When I wrote about the run-up to the polls, I had no idea it’d be this close. This Pioneer edit puts it well and powerfully. The end to four-and-a-half years of non-governance seems close. A must-read.
The corpse is dead
The Pioneer Edit Desk
Left ends support to Government
After hoping against hope that its alliance with the Congress, that has kept the UPA in power at the Centre since the summer of 2004, will not break over the Prime Minister’s strange obsession with the India-US civilian nuclear cooperation agreement, the Left has at last had to walk out of a marriage corrupted by infidelity. The alliance could have ended — and, in a sense, it did — last year when the Prime Minister threatened to resign rather than succumb to the Left’s pressure tactics, which some would describe as no less than political blackmail. An irresolute Prime Minister may have then given the impression that he was reconciled to his dream not coming true, causing the Communists to strut around triumphantly, but the persuasive charms of the US have clearly proved to be stronger than the restraining influence of the Left. A year ago the Left could have walked out of its alliance with the Congress and seized the moral high ground; today it has been duped and dumped as so much disposable baggage. Few tears, however, will be shed for the Left whose duplicity is as staggering as the deceit of the Congress. If the Congress’s claim that it is pushing the nuclear deal on account of ‘national interest’ rings hollow, the Left’s insistence that its opposition to the agreement is on account of its ideology is equally unconvincing. Had Mr Prakash Karat and his comrades been so mindful of their ideology, such as it is, they would not have joined hands with the Congress in the first place. The Left’s justification of the alliance as a tactical move to keep ‘communal forces’ out of power was, and remains, no more than bunkum. It wanted power without responsibility and so it extended support to the Congress-led UPA Government. Now that it is being denied that power and deprived of its veto, the Left sees no point in remaining with the Congress. On Tuesday, Mr Karat looked grim while announcing the Left’s decision to withdraw its support to the Government. Perhaps he realises that joyless days lie ahead for the Left.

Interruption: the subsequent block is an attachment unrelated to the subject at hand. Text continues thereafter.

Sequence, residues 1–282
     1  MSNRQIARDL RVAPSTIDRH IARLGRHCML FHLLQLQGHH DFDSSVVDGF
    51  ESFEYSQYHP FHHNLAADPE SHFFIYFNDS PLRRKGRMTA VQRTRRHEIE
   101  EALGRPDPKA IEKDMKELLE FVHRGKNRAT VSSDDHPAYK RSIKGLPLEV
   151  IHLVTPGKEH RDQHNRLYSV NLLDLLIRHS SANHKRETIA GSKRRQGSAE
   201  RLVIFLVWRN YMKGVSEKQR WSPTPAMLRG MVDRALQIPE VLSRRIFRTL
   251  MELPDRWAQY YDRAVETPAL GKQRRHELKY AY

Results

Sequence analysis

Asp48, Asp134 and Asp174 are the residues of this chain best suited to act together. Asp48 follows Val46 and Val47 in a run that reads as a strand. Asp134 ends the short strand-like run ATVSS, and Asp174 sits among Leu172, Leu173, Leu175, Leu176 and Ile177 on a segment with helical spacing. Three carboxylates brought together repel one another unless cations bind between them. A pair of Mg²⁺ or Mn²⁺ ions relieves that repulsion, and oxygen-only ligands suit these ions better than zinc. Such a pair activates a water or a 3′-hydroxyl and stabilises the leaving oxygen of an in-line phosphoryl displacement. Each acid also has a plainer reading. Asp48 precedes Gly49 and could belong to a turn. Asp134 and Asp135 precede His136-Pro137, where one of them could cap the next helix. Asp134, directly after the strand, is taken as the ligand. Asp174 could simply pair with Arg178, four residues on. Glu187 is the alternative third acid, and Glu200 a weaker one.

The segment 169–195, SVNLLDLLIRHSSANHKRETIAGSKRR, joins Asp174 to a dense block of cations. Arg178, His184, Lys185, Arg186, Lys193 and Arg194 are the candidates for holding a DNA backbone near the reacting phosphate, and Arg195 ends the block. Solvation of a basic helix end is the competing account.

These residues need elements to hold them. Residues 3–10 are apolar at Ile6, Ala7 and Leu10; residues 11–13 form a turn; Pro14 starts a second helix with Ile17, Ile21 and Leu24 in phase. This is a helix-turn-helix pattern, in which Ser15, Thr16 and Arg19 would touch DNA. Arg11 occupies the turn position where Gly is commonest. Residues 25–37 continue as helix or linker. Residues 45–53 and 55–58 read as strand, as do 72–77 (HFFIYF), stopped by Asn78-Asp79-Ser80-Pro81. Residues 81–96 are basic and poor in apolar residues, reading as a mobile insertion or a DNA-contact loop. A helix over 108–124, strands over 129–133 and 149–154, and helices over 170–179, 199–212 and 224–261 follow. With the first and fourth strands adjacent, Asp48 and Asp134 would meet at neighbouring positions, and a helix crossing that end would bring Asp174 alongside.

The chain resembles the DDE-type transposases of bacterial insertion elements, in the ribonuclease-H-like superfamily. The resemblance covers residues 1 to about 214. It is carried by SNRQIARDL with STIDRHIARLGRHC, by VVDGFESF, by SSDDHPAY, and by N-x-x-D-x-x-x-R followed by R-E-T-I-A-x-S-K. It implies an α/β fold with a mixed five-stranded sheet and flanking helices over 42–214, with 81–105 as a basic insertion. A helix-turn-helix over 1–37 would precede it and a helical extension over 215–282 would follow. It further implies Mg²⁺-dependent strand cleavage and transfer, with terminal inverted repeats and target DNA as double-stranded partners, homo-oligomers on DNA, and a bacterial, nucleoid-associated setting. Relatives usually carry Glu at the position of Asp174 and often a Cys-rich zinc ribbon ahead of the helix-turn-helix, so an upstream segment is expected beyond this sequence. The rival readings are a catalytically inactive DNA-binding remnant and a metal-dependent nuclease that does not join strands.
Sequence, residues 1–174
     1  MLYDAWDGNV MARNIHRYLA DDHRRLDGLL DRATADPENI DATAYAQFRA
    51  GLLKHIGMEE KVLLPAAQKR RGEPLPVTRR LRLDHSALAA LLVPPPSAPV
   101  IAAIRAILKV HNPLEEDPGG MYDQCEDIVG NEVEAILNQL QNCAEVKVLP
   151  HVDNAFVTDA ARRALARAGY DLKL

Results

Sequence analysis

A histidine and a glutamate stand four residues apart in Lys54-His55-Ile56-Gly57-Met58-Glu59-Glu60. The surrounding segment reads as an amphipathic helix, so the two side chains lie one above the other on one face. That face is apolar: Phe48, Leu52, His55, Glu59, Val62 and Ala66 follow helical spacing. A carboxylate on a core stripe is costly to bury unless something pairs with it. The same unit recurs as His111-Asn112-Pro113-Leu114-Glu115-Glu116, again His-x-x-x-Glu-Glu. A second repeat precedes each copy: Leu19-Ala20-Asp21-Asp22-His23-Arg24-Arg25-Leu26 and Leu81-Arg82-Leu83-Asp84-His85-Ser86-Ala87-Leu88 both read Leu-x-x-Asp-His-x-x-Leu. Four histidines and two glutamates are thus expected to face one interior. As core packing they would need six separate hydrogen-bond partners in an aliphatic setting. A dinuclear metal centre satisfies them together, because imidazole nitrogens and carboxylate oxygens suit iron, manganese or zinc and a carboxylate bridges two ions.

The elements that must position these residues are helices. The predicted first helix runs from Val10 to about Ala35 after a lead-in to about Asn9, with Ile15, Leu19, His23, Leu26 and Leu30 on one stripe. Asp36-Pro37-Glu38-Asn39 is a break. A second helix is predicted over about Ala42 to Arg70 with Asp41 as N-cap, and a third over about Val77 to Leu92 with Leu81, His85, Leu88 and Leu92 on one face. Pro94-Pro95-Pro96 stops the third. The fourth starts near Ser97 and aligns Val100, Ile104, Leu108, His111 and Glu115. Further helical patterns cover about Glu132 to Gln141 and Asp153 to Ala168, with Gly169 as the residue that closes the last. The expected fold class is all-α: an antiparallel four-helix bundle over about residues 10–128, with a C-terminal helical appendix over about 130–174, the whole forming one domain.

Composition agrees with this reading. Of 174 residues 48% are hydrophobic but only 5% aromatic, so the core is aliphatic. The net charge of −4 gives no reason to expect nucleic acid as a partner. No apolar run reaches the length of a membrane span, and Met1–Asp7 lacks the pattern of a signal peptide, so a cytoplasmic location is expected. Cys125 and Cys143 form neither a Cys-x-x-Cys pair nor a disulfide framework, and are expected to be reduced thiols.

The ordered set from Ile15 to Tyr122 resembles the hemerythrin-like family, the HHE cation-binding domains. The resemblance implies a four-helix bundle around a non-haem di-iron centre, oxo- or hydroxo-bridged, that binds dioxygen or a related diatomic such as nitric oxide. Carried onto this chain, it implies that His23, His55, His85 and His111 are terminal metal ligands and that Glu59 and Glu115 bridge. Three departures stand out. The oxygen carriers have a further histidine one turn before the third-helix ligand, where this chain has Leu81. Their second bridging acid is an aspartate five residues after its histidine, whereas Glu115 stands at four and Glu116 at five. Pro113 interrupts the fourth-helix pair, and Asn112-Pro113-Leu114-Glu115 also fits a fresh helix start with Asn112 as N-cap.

It is only right that the Government should seek a trust vote in the Lok Sabha before it proceeds any further with the nuclear deal. Towards that end, the Congress has started stacking up numbers in the Government’s support; given the absence of ideological pretensions among those whom the Left considered its ‘natural allies’ till recently, the Congress’s task is unlikely to prove to be difficult. The Samajwadi Party has made amends with 10, Janpath and disowned the past utterances of its leaders which were none-too-flattering. Others are preparing to do business with the Congress, provided the terms and conditions offered to them make the deal acceptable. A sulking Left will not exactly be missed. But irrespective of whether or not the Congress is able to win the trust vote in the Lok Sabha, the arrangement that ruled India with disastrous consequences for the past four-and-a-half years has breathed its last. Those with a macabre sense of humour in these difficult days of skyrocketing prices and collapsing governance presided over by a Prime Minister who can think of nothing else than formalising the nuclear deal, would suggest that the Congress-Left alliance has really been dead for more than a year now. The corpse of crass opportunism formally died on Tuesday. Nobody is grieving over this well-deserved death.